Forging e-relationships

Use the Internet to conduct electronic transactions with the public. That

was the clear message delivered at this month's Information Resources Management

Conference.

E-government increases the velocity of transactions, achieves dramatic savings

in conducting transactions with the public and significantly reduces the

costs for customer service, said Marty Wagner, an IRMCO speaker and an associate

administrator at the General Services Administration.

But the simple concept of conducting transactions via the Web becomes surprisingly

complicated. In addition to implementing a number of new technologies, the

Webmaster quickly becomes the focal point for delivering new business processes

and becomes directly responsible for the customer relationships of the agency

across a broad front of federal services.

Rather than resist increasing interactions with the public, it is time to

embrace yet another new trend: the interdependence of Web sites.

We have all heard the term "interoperability," but it term tends to focus

on the technology aspects of systems working together. The Web raises the

bar much higher. The Web, true to its form to increase the pace of change,

has caused interoperability to "morph" further into the concept of "interdependence."

Interdependence means that for your Web site to be effective in delivering

the products and services of your agency, you must also support the efforts

of others that provide the glue that connects all Web sites.

Implementing a successful Web site means implementing your Web site in the

context of recognizing, supporting and facilitating interdependence. Agency

Web sites are simultaneously interdependent across and outside of the federal

government, the American public and the international "public." You need

their Web sites, and they need your Web site. No Web site exists in a vacuum.

Activities such as registering with search engines, the use of metatags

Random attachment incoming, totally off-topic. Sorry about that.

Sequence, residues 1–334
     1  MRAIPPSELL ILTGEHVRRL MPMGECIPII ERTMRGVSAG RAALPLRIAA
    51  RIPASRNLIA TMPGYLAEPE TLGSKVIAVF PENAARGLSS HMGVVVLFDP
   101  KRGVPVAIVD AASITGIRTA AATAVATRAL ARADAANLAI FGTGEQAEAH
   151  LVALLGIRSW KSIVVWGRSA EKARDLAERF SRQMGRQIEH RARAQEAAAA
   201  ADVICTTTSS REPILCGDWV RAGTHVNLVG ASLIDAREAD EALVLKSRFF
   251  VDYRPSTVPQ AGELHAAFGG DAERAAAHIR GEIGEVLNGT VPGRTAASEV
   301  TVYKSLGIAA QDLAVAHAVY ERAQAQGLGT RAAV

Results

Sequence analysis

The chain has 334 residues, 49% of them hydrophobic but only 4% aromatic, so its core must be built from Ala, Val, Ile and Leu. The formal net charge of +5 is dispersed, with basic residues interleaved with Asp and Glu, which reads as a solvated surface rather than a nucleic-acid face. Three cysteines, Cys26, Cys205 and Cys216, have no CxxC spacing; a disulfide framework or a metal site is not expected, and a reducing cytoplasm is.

and compliance with taxonomies are just some early indications of the much

more pervasive and far-reaching impact interdependence will have on your

Web site.

Current and emerging federal portals such as FirstGov, FinanceNet, GSA Advantage,

g-Bay, eBuy and others will impact your Web site much more directly. These

new portals represent just the start of what interdependence means for your

Web site, your agency's business and you.

But the most significant impact of interdependence will be the rise of "process

intermediaries."

To understand the true nature of the intermediary function on the Web, start

with thinking about the role of public associations such as the Red Cross.

Associations function as an intermediary with the executive branch by organizing,

summarizing and presenting the needs and goals of a much larger group of

people. It would be impossible to meet individually with each subscriber

or participant in an association.

The real impact is best illustrated by thinking about companies such as

H&R Block Inc. Imagine the size of the Internal Revenue Service if it

had to duplicate the support that H&R Block and others in the tax preparation

industry provide to the nation.

As the business processes of the federal government go online, portals that

help the public understand and interact with the federal government will

grow. This is already a huge business before the Web.

As the federal government implements online transactions, we will need "process

intermediaries" to help with the huge volume of interactions a more direct

interface with the public implies. Technology can help, but there will always

be a need for the direct human-to-human interaction. When looking across

America today, the federal government could not become "big enough" to handle

the support that process intermediaries provide.

The point here is to recognize that we are already interdependent with the

"process intermediaries" and to embrace this reality on our Web sites. As

we go online with our business processes (forms and transactions), the process

intermediaries will become ever increasingly important. At the simplest

level, we will need to link to the "process intermediaries" on our Web sites.

These relationships will grow far deeper than a mere hyperlink. Through

creative architectures, we can support both the letter and spirit of our

current legal environment regarding our relationships with industry and

the public. My recommendations are as follows:

1. Participate in the cross-government activities of the CIO Council so

that your Web site becomes integrated with the larger federal government

activities.

2. Seek out inclusion in high-level portals that are available or being

implemented so that your Web site is more easily found.

3. Begin to integrate "process intermediaries" with your Web site as you

implement your on-line transactions. I would even recommend to go so far

as to begin to foster a strategy of helping the development of a tier of

"process intermediaries" if the industry you participate in has not already

done so.

—Kellett is founder of the Federal Web Business Council, co-chairman of the

Federal WebMasters Forum and is director of GSA's Emerging IT Policies Division.

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